Province Funds $750,000 For BC Woman’s Rare Disease

B.C. changed its policy after the 23-year-old Shantee Anaquod ‘s case garnered national attention.

VANCOUVER – Shantee Anaquod, a 23-year-old battling a rare disease, has been approved to receive coverage for Soliris, a $750,000 drug that, until this week, was not covered in B.C.

Anaquod, a UBC student, was diagnosed with atypical hemolytic uremic syndrome (aHUS) last month — and was shocked to find that the medication that could save her, though approved by Health Canada, was not covered in B.C. — even in exceptional circumstances, reported CBC News.

Her mother, Jennifer Anaquod, launched a social media campaign called “Fight For Shantee,” which inspired thousands of social media posts and triggered widespread conversations about the plight of rare disease patients in Canada.

In a news conference late Monday, Health Minister Adrian Dix announced Soliris will now be approved on a case-by-case basis in B.C.

Jennifer, who was not informed about Monday’s news conference in advance, said she learned on Tuesday that Shantee meets the criteria to receive coverage.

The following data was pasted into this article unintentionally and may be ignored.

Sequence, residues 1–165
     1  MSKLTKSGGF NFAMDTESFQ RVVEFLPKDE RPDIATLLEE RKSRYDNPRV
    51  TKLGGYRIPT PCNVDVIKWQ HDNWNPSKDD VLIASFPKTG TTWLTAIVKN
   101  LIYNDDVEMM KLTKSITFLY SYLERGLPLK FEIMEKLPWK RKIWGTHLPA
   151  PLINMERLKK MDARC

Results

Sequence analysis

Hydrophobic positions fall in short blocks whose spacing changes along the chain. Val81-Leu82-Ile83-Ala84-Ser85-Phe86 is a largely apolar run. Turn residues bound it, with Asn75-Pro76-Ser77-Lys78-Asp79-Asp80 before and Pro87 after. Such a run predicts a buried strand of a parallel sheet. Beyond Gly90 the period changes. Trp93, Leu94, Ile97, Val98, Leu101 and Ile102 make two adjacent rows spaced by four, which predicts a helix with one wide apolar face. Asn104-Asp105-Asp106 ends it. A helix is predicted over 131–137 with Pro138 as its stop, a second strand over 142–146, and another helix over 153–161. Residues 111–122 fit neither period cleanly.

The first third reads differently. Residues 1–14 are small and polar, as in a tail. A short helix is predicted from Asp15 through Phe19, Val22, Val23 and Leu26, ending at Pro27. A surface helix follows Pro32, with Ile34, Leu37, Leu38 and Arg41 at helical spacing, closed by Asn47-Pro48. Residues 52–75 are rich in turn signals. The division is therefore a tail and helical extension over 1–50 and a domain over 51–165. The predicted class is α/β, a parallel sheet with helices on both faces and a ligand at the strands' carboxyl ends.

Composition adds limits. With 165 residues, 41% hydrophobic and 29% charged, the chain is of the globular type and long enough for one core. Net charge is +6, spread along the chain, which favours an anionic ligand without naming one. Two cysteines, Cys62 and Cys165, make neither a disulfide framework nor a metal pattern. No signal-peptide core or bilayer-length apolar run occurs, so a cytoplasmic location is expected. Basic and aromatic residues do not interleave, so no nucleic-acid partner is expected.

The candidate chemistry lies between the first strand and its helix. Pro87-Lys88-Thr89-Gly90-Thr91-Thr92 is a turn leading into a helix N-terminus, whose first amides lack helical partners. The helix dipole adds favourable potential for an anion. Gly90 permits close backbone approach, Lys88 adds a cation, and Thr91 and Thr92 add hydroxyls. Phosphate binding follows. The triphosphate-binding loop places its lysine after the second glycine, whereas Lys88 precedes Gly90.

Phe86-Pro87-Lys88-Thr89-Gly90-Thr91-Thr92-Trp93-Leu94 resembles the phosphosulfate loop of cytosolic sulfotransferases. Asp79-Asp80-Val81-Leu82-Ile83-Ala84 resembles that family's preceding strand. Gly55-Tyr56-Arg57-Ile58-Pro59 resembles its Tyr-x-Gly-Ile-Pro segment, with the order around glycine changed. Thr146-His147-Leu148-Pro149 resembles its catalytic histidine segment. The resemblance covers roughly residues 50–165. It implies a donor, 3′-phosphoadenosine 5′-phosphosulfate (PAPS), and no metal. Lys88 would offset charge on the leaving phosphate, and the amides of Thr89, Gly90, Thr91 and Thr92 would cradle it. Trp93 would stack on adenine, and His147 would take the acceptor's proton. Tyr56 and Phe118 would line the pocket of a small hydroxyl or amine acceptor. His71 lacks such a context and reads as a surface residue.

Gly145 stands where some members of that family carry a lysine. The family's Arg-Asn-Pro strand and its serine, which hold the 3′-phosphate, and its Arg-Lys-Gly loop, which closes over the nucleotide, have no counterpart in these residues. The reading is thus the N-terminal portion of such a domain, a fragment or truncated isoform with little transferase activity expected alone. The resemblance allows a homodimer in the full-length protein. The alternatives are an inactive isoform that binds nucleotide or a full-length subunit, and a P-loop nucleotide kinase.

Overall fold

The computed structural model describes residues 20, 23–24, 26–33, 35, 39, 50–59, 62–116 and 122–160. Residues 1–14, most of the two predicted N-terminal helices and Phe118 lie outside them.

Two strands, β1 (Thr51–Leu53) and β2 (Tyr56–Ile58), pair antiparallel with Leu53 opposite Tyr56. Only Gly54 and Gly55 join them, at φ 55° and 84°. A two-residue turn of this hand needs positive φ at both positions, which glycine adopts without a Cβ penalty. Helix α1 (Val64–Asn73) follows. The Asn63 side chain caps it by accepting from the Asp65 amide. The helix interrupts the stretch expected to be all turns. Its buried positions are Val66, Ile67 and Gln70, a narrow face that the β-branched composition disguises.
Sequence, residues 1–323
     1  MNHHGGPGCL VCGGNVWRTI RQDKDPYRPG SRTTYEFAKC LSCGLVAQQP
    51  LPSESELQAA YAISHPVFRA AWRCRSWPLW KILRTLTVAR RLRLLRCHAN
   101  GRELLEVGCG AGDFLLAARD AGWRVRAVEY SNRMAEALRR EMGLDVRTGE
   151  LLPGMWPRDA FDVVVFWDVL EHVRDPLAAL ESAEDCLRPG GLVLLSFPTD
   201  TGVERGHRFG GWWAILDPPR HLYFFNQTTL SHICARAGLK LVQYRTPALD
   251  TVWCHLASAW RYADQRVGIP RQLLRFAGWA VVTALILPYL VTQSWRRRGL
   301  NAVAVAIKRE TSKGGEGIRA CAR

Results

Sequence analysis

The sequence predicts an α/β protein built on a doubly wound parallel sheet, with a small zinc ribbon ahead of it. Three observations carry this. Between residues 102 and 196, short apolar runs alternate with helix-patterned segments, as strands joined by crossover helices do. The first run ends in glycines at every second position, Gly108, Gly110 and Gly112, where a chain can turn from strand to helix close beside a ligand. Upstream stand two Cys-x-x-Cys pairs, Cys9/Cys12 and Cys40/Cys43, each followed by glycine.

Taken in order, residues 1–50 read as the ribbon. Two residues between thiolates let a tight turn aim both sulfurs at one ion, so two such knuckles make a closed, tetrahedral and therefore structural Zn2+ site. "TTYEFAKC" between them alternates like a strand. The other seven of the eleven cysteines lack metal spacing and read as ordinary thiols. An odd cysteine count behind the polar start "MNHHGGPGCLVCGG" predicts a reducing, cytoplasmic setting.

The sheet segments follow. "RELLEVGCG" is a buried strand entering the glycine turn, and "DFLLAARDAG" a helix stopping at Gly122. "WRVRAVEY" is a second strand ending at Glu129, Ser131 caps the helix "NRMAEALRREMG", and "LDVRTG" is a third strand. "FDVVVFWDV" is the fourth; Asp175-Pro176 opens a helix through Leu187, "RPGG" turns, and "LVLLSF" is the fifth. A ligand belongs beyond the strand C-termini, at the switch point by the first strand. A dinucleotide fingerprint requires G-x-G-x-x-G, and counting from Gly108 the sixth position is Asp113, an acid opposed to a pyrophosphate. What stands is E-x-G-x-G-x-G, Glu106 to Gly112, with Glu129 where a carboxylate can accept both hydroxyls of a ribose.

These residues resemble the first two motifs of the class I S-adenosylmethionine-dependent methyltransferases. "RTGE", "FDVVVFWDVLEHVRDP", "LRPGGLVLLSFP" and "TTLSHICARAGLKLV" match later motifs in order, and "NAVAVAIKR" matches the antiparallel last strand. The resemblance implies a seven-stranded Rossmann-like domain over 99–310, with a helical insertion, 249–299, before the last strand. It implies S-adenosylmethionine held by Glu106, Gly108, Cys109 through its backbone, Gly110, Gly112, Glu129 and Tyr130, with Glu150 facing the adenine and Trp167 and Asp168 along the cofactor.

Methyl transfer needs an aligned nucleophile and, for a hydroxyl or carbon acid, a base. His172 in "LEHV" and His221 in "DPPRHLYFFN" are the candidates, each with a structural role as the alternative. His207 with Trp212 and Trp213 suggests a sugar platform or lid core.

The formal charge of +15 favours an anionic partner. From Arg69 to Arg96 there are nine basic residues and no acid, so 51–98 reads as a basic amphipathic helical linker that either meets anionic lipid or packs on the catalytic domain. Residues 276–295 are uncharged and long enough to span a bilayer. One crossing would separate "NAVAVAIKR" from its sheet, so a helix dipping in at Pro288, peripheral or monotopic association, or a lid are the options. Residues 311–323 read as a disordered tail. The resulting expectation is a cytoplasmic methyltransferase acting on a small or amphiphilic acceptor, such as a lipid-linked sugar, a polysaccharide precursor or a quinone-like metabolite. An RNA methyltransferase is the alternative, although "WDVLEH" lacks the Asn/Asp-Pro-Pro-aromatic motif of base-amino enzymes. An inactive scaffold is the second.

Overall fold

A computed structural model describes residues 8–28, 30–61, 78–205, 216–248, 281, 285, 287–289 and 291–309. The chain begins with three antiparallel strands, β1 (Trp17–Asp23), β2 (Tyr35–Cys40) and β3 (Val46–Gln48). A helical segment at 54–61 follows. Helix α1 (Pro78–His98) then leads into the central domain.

“It was as though a huge load of bricks was lifted off my shoulders. I think this is the first real breath I’ve taken since this started,” she said.

“It’s amazing, there are really no words to explain. I’m ecstatic that she has a possibility at a life again.”

Shantee is approved for coverage for six months, after which she’ll need to apply to extend the coverage. She’ll be required to go off the medication after a year to see whether it’s still needed.

She’s now hoping to resume her courses at UBC in January, if she’s well enough.

‘He said, it’s $750,000 per year and it’s not covered by the government. My heart just stopped, the world just stood still for a minute,’ said Jennifer Anaquod, pictured on the left, describing the moment she learned the medication her daughter needed was not covered. (Fight for Shantee/Facebook)

In 2013, 2015 and 2016, the Ministry of Health determined it would not cover Soliris, even in exceptional circumstances.

Dix said the province decided to change the policy after reviewing decisions made in Alberta, Manitoba and Ontario, where coverage is provided in exceptional cases. The province also reviewed coverage in the U.K. and in Australia.

Courtesy CBC News

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